Prime Minister Pedro Sanchez has encouraged European Union leaders not to allow the United States to lead the debate over access to vaccines against Covid-19.
The European Union is not close to discussing patent liberalization for vaccines but insists that it does not solve short-term dosing shortages and calls for increased production and that other countries, such as the United States, are lifting the embargo on exports.
The patent debate, launched by the United States this week, has surprised Europe and crept into the social summit that brought European leaders together on Friday and Saturday in the Portuguese city of Porto.
The matter was discussed last night by European leaders at a working dinner where no common position was reached: “There are different points of view,” Michel admitted at the summit’s closing press conference.
However, the general rationale is that patenting is not a panacea, at least not right away.
“In the short term, many of us believe that it is not a solution,” admitted Michel, who has called on large-scale countries to export potion abroad.
Likewise, the President of the European Commission, Ursula von der Leyen, expressed herself. He said it was a necessary discussion, but “in the long term,” and called for the discussion to reach all aspects of improving vaccine availability, not just patents.
“We have to have the full discussion. We invite all concerned parties to discuss exports and invest in capabilities not only in their own region, but also in other regions, in addition to discussing licenses,” he said.
Most powerful on Saturday was French President Emmanuel Macron, who pointed directly to the United States.
The French President stressed in a press conference: “I call very clearly for the United States to put an end to the export ban, not only of vaccines, but of the components of these vaccines that hinder production.”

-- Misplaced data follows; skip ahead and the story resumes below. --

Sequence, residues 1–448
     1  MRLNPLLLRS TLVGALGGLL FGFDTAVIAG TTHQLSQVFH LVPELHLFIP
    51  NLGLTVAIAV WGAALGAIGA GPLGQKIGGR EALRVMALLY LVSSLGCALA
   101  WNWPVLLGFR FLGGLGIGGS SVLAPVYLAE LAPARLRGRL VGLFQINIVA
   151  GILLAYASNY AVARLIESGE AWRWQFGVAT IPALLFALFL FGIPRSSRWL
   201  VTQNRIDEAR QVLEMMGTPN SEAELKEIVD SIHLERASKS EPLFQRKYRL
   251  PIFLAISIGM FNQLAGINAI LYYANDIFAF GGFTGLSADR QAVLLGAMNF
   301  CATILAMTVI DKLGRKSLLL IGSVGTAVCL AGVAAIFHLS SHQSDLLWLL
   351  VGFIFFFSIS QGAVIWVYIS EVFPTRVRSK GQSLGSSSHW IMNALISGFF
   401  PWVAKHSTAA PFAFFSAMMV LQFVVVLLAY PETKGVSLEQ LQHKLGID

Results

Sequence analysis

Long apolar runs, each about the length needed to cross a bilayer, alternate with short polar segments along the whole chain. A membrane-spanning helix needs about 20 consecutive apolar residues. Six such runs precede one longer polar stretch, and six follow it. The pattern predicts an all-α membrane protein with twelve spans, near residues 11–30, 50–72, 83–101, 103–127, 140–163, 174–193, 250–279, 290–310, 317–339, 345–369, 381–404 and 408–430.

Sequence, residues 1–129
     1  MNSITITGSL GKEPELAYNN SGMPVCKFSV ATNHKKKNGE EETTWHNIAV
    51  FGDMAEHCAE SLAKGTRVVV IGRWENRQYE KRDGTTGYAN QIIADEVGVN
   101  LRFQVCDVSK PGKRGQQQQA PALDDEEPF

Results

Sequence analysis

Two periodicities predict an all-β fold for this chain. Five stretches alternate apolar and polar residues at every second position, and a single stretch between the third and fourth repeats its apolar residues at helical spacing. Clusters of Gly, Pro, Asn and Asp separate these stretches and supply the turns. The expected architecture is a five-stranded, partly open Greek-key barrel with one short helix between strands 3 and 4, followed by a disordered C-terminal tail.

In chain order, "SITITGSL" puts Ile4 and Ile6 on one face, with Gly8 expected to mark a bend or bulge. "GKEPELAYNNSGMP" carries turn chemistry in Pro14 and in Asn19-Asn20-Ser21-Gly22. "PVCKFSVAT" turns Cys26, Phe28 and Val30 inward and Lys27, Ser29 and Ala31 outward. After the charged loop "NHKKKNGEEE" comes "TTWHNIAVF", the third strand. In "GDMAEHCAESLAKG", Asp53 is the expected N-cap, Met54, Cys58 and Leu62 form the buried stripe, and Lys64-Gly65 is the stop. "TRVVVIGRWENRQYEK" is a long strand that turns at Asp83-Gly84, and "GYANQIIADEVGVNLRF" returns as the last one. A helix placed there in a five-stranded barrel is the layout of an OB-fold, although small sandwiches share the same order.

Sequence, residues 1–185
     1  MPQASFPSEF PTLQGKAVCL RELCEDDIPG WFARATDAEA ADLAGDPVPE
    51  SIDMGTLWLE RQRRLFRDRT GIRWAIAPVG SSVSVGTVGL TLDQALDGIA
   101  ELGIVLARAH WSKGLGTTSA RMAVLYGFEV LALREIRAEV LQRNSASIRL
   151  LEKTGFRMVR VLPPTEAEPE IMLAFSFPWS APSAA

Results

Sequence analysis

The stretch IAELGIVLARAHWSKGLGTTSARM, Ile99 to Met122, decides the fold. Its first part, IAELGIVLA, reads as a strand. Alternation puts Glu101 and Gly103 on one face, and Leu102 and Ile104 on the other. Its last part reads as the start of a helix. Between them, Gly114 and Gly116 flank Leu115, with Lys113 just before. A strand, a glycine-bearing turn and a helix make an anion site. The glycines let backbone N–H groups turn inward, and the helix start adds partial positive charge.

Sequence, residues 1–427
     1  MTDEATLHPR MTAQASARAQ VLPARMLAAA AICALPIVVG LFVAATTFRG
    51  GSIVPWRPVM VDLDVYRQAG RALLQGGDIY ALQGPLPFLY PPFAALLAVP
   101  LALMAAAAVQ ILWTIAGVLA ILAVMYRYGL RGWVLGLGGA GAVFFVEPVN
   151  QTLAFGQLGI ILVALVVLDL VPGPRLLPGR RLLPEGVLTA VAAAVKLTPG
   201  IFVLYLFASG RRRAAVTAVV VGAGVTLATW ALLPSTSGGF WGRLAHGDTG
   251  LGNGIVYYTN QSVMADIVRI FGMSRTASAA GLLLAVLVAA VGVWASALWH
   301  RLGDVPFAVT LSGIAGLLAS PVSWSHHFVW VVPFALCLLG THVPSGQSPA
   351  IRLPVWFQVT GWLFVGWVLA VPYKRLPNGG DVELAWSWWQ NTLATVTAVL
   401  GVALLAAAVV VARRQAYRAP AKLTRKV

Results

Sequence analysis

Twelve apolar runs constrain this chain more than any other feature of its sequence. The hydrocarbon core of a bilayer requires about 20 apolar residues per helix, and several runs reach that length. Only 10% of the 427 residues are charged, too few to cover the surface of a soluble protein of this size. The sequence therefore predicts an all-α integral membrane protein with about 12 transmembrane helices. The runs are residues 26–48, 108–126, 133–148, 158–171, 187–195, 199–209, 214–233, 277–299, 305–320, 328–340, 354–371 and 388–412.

Although during the week he was open to patenting, he mentioned in Porto that this should be the fourth priority. Before that, in addition to other blocks that begin to export, it is necessary to increase production and donations.
Italian President Mario Draghi joined Macron’s invitation. He defended this, saying, “Before the patents are released, we must lift the blockade on exports that the United States and the United Kingdom continue to maintain.”
Spain is calling for European leadership
Spanish Prime Minister Pedro Sanchez urged the rest of the European Union leaders not to give in to the United States’ leadership of the debate on universal access to vaccines and urged the bloc to clarify its role.
Sanchez made his own proposal to Porto, and although he welcomed US President Joe Biden’s approach to suspending patents, he wanted to go further.
He also called for accelerating the transfer of technology and knowledge to all countries of the world and enhancing the ability to manufacture vaccines in order to achieve faster distribution.
Germany, reluctant to Berlin
Among the European partners, Germany is one of the countries most reluctant to release patents and this has been carried over to the rest despite the fact that Chancellor Angela Merkel did not go to Porto and participated by video link.
“I have made it clear once again that I do not believe that patenting is the solution to getting more vaccines to more people, but I do believe that we need the creativity and innovation power of companies, and this includes patent protection.” the top.
The German policy was straightforward: “If I simply release a patent without being able to control quality well every time, I see more risks than opportunities,” he added.
The question will be posed at the European Council on May 25, when the 27 will once again attempt to settle differences and come to a common position.
Portugal, the host country of the Porto summit, which also insisted on the need to increase production capacity, hopes to reach an agreement.